DISCUSSION

In the present study, the ERIC-PCR assessment and antimicrobial resistance profiles of P. aeruginosa and Acinetobacter spp. isolates from inpatients in a small-size teaching hospital in northwestern Paraná showed a high percentage of multiresistance and genetic diversity. Worrying rates of ceftazidime and carbapenems resistance were observed in P. aeruginosa isolates. However, they were smaller than those observed in isolates from other university hospitals in Brazil, where resistance to these antimicrobials was near or greater than 50% (Zavascki, Cruz, Goldani, 2004; Rocha et al., 2008).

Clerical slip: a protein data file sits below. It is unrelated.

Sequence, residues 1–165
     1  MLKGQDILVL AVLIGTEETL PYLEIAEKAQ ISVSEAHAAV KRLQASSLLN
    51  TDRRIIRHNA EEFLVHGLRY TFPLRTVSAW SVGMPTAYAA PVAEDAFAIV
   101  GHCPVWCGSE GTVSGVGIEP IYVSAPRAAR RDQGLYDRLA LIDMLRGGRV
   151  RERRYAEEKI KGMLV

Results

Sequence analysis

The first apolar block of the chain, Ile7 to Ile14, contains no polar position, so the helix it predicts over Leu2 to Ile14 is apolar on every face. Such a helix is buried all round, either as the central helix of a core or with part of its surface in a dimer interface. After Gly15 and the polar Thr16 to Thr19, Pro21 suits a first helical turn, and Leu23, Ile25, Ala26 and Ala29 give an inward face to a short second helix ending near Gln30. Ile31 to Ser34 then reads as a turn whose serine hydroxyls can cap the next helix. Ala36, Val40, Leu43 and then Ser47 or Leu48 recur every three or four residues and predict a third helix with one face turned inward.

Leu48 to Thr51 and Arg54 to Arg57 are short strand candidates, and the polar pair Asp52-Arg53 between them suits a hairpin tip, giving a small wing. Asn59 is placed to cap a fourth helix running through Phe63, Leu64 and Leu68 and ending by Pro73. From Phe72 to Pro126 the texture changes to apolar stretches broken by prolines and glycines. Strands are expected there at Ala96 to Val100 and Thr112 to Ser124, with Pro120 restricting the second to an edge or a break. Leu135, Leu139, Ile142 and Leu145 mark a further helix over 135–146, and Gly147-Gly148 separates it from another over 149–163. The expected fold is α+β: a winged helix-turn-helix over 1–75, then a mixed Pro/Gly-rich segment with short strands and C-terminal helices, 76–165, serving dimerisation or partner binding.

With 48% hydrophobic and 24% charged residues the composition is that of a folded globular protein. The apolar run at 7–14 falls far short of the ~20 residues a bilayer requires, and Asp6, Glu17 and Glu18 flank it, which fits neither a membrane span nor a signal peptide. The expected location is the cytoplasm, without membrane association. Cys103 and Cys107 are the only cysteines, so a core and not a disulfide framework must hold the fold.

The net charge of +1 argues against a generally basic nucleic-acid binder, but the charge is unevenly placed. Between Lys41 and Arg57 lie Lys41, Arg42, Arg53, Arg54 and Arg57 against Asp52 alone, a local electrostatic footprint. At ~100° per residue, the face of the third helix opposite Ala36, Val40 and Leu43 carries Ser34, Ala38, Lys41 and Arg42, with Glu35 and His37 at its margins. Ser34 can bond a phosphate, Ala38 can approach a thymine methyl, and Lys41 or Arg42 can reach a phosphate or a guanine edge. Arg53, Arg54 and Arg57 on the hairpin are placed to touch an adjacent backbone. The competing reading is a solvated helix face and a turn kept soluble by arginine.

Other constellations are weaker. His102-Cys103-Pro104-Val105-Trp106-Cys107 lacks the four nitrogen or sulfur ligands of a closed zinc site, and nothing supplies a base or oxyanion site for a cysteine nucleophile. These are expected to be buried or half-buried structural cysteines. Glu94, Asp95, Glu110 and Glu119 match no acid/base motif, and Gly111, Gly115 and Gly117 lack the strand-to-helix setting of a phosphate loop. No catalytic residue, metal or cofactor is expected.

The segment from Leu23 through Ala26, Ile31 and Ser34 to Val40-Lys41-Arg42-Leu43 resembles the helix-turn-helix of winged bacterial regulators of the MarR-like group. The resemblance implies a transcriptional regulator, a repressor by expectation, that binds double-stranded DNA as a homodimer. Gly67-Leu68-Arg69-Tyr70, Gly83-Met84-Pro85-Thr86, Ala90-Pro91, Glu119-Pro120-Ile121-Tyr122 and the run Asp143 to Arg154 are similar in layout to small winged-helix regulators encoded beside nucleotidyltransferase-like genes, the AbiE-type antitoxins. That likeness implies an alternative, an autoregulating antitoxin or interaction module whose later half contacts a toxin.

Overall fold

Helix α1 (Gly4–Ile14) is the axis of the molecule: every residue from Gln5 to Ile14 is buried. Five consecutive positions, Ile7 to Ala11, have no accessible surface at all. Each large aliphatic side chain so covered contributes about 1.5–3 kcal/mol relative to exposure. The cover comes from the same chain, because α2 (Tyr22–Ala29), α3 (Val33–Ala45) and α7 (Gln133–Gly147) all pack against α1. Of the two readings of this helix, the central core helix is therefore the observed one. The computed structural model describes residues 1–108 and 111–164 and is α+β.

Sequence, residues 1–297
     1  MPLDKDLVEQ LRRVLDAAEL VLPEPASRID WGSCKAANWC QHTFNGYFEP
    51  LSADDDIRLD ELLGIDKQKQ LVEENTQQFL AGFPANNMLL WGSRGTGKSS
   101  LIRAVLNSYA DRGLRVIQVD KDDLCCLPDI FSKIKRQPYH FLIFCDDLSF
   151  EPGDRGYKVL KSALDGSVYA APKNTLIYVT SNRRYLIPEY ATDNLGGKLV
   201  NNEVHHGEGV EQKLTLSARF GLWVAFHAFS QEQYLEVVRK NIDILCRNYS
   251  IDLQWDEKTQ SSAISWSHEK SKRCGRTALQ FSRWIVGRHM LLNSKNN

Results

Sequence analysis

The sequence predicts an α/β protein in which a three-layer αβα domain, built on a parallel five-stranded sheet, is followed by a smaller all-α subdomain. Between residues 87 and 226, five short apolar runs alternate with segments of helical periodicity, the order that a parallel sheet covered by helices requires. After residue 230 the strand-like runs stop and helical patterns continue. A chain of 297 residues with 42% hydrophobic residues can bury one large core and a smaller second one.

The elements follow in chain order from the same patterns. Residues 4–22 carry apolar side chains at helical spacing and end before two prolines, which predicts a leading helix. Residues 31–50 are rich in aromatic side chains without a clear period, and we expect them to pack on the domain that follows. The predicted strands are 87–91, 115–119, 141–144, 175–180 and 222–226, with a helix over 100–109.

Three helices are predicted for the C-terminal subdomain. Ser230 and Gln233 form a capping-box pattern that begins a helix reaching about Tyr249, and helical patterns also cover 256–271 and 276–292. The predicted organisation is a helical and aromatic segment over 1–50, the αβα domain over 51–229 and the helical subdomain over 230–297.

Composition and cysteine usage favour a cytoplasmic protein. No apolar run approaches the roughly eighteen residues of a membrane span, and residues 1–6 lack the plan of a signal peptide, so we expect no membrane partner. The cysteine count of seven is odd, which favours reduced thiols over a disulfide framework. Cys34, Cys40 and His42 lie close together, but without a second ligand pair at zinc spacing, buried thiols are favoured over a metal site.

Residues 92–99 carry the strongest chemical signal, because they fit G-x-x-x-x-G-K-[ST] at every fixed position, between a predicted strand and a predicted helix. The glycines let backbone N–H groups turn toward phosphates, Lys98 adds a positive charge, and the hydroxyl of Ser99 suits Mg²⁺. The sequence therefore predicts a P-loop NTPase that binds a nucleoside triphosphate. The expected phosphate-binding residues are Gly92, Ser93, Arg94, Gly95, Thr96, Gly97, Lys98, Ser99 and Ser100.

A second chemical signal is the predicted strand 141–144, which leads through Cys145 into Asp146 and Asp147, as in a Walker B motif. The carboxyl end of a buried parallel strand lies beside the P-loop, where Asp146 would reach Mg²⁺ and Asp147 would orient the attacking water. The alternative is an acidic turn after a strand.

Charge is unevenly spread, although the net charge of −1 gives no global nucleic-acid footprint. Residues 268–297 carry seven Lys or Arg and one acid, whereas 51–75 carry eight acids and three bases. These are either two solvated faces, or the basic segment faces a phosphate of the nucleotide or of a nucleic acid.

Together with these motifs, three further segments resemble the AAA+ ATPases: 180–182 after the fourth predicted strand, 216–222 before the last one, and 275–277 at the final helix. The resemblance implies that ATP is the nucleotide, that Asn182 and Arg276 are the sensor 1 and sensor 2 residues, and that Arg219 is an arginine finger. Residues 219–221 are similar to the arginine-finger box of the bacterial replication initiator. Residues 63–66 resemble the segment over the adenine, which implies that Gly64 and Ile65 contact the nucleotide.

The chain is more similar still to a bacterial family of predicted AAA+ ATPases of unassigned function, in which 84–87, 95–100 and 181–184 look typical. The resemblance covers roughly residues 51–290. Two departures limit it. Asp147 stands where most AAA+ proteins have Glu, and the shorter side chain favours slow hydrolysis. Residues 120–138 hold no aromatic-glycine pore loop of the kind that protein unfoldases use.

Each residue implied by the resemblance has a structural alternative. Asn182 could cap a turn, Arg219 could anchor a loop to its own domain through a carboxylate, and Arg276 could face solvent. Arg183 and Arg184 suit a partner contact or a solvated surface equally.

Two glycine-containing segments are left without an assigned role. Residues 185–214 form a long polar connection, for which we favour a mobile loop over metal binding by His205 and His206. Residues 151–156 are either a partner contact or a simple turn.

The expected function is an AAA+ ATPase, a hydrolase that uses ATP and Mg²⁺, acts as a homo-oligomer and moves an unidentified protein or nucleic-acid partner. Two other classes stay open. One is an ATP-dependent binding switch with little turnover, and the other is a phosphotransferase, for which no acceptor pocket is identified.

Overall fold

In recent years, MBL production has represented an important mechanism of resistance to most β-lactam antibiotics, including carbapenems, especially in P. aeruginosa (Kunz, Brook, 2010). However, despite a resistance rate of just over 25% detected for carbapenems, none of the P. aeruginosa isolates tested were positive for MBL, demonstrating the probable participation of other resistance mechanisms. The isolation rates of MBL-producing P. aeruginosa have widely varied among Brazilian hospitals, with incidences ranging from 3.1% (Wirth et al., 2009) to 35% (Gonçalves et al., 2009). According to Rossi (2011), São Paulo metallo-β-lactamase (SPM) is the most prevalent MBL in Brazilian isolates. For Acinetobacter spp. isolated in the present study, the observed resistance rates of > 90% for third-generation cephalosporins and nearly 55% for carbapenems may be responsible for the difficulty treating these cases, which has been reported in other studies (Towner, 2009; Kunz, Brook, 2010). MBL was not detected in isolates from this genus, which corroborates other studies that found a low contribution of this enzyme to the increasing rates of resistance in Acinetobacter spp. (Mostachio et al., 2009; Kunz, Brook, 2010). OXA-type β-lactamases have shown an important role in carbapenem-resistant Acinetobacter spp. (Poirel, Naas, Nordmann, 2010). In Acinetobacter spp. isolates from Brazilian hospitals, carbapenem resistance is mostly related to β-lactamase OXA-23 (Gales et al., 2012). However, a recent study found a high prevalence of OXA-143 in these bacterial genera (Mostachio et al., 2012). Therefore, the small clusters of carbapenem-resistant Acinetobacter spp. isolated in this study may have been OXA-type carbapenemase producers.